PORT ST. LUCIE — He may be a war hero with rock-solid patriotic feelings, but U.S. Congress hopeful Brian Mast sure is wishy-washy when it comes to tapping donors for campaign contributions.
The ultra-conservative wounded Iraq veteran, 36, tied his wagon to Stuart’s anti-sugar movement in the wake of this summer’s green algae controversy — and yet took $100,000 from sugar land owners like Palm Beach’s Fanjul brothers.
Then Mast, whose war injuries include the amputations of both legs, put out an ad blasting All Aboard Florida for the way it would change the daily routine of coastal residents. The new speed-train line linking Miami to Orlando would slash across District 18, the territory between Fort Pierce and West Palm Beach that Mast and Democratic businessman Randy Perkins are fighting for.
If he doesn’t like the railroad, Mast sure likes the money of those who are tied to AAF, if you believe his campaign finances reports.
In the absence of balanced coverage of the race by the Stuart-based out-of-town corporate media, Gossip Extra took an extensive look at Mast’s donors. And we found quite a few instances of Mast taking the cash of pro-AAF interests:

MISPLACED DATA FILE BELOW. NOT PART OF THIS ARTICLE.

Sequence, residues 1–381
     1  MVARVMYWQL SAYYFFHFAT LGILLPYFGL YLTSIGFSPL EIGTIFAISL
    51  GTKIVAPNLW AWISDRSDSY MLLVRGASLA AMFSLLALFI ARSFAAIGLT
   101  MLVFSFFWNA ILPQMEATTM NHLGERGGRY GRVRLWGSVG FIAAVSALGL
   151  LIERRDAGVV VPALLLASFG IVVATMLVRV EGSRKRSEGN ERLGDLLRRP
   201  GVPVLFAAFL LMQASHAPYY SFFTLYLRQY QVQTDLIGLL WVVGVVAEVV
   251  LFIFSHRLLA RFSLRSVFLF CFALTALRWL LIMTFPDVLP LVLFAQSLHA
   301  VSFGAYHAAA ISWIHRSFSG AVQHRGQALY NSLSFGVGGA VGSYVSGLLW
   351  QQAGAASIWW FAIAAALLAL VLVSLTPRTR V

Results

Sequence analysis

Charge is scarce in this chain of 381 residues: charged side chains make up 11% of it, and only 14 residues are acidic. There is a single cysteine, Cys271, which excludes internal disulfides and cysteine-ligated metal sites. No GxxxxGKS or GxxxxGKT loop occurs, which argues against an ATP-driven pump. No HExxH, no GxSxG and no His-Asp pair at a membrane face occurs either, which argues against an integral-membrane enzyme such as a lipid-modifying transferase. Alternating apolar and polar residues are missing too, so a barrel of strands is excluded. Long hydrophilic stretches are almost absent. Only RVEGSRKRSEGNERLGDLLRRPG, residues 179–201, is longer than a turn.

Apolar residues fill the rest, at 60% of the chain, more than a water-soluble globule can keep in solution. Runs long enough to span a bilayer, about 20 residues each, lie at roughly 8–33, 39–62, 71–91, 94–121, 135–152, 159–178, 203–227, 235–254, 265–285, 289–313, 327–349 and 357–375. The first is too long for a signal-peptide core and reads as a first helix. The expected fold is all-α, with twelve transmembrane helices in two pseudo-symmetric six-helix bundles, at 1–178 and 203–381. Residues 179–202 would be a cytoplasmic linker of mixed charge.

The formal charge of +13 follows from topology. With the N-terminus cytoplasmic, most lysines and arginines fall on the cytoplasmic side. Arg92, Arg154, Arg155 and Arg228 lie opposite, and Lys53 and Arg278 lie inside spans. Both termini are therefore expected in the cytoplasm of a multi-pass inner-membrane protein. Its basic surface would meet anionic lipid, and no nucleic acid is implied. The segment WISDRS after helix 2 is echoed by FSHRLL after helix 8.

— At least two senior-level employees of CBRE, a large commercial real estate services company based in Los Angeles, contributed to Mast within two days of each other. Senior CBRE appraiser Ron Timblin gave Mast $250 June 22, according to the Federal Elections Commission, and appraiser Tim Warner gave $250 on June 21. What’s the big deal? CBRE happens to have been named the exclusive agent for the 200,000 square feet of retail space at AAF’s MiamiCentral station!
— At least four high-level employees of the Washington, D.C. lobbying firm Van Scoyoc Associates have given Mast’s campaign money over the course of three days in April: Vice President Michael W. Adcock plunked down $250 April 21; Vice President Douglas M. Gregory went Mast $250 April 21; Associate Vice President Thomas Quinn, $250 April 18 and Vice President Michael Shupp, $250 on April 20. Van Scoyoc is the lobbying firm for the governments of St. Lucie and Martin counties and, last year, authored a legislative agenda for its clients where the firm told county commissioners just to accept AAF’s arrivals instead of fighting it!
— Greenspoon Marder law firm attorney Thomas Sliney donated $250 to Mast’s campaign April 21. Sliney’s firm also handled the potential sale of downtown land to AAF for its West Palm Beach station. In the end, AAF preferred another site.
When asked about the AAF-related contributions, campaign spokeswoman Madison Anderson‘s comment was: “My goodness. Really?”